Landlubber Diplomacy Won't Work in Fiji
U.S. Congressman: Landlubber diplomacy won't work in Fiji
By Rep. Eni F.H. Faleomavaega (D-American Samoa) - 01/25/12 12:01 PM ET
In Samoa, when a tauta (landman) advances an opinion about fishing or navigation, he is met with the reply "O le va’ai le tauta" – or, "that is the opinion of a landlubber."
In response to Fiji’s 2006 coup, Australia and New Zealand have advanced a policy to force Fiji back to democracy. Based on a Eurocentric mindset that fails to take into account Fiji’s colonial history, complex ethnic mix and chiefly, provincial, religious and family rivalries, Australia and New Zealand imposed a wide range of sanctions on Fiji and cut off diplomatic channels.
Having no policy of its own, the U.S. marched in time, applying section 508 sanction law which severed U.S. aid to Fiji. U.S. sanctions, however, have had no consequence because U.S. aid to Fiji was less than $3 million per year.
Of consequence is Pakistan. In 1999, when General Pervez Musharraf overthrew the democratically-elected government of then Prime Minister Nawaz Sharif, the U.S. waived 508 sanction law, despite the fact that for nearly ten years General Musharraf never made good on his promise to resign his military commission and hold free, fair and transparent elections in Pakistan.
The U.S., like Australia and New Zealand, cooperated with Pakistan’s regime – even providing billions in aid – because we understood then like we should understand now that engagement is vital to our interests and necessary if our long-term objectives are peace, stability and democracy.
Do Australia, New Zealand and the U.S. consider Fiji vital to our interests? If not, I believe we should given China and Iran’s growing presence in the region. If so, we need a new way forward.
The U.S. can no longer rely on landlubber diplomacy which seeks to force democracy by isolation. Every tautai (navigator) knows – democracy can’t be forced. Force is contrary to the order of democracy and contrary to our innate desire to choose.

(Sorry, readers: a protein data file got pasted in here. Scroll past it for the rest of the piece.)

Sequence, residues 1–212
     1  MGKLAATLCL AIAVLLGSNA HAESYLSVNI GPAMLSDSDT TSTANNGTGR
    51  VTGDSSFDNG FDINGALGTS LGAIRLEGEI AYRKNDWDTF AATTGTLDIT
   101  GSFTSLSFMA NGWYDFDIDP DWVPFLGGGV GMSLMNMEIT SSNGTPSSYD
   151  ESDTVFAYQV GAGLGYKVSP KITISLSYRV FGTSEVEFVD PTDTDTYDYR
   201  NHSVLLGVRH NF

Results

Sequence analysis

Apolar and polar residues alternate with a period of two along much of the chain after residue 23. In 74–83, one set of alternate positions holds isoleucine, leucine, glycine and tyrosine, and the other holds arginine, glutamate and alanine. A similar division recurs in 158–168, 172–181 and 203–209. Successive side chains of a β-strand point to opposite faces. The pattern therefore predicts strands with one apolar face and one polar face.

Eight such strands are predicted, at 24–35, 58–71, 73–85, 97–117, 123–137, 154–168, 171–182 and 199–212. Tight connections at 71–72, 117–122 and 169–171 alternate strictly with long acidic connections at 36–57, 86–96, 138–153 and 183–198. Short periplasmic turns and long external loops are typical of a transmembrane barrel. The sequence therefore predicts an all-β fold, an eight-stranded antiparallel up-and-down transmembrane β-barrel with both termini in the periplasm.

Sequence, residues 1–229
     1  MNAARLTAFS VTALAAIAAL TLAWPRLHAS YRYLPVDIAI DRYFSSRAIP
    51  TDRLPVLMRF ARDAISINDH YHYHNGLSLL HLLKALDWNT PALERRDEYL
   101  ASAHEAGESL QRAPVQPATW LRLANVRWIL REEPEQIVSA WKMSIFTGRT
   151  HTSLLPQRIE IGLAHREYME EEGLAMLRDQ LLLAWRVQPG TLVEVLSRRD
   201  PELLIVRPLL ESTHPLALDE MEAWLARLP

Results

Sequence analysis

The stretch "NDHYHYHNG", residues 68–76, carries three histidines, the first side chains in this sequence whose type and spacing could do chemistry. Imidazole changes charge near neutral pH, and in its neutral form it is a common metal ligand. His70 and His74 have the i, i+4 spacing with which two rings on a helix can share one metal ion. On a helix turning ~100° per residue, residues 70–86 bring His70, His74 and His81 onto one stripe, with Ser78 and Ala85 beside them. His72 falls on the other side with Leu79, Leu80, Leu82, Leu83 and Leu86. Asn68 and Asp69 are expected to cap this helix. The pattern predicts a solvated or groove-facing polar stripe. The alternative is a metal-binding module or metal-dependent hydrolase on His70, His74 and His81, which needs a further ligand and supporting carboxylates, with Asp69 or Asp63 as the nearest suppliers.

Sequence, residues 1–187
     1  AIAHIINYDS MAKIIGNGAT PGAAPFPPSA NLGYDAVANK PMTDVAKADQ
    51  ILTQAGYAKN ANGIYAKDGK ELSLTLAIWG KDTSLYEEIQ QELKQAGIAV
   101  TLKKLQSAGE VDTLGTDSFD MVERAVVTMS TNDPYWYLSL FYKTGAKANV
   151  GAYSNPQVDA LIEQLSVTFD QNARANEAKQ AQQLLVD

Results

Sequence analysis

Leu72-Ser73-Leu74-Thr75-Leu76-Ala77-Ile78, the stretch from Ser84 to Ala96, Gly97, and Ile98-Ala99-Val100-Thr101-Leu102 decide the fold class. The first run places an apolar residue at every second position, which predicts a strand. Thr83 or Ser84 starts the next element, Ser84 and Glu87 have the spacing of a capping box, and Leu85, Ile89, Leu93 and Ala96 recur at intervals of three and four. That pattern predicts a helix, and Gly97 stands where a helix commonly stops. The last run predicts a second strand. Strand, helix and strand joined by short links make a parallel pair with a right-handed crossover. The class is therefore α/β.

To succeed in Fiji, we must start from the beginning. The legacy of Fiji’s colonial past has never been fully resolved since Fiji gained its independence in 1970. To date, Indians control many of the small businesses. Australia and New Zealand control major banking and commercial enterprises, and indigenous Fijians control much of the communal land and military establishment, with serious divisions existing between traditional leaders and lower-ranking Fijians.
So far, no resolutions have been established to provide balance and fairness to both Fijians and ethnic Indians. In the past 20 some years, Fiji has had four coups and three constitutions. In the two coups of 1987 and the political crisis of 2000, ethnic tensions played major roles.
Until we understand this beginning and begin to converse about it, democracy will not get underway. Having had several discussions with interim Prime Minister Voreqe Bainimarama and dozens of others during my visits to Fiji, I believe U.S. leadership can help strengthen bilateral ties and improve regional conditions.
By employing smart diplomacy in Fiji – which has been the hallmark of President Obama and Secretary of State Hillary Clinton’s foreign policy initiative even in Myanmar – I have every hope that we can achieve equal suffrage and other political, economic and social reforms targeted under the “Strategic Framework for Change,” just as the interim Prime Minister seeks.
Rep. Eni F.H. Faleomavaega (D-American Samoa) is the Ranking Member and former Chairman of the U.S. House Foreign Affairs Subcommittee on Asia and the Pacific.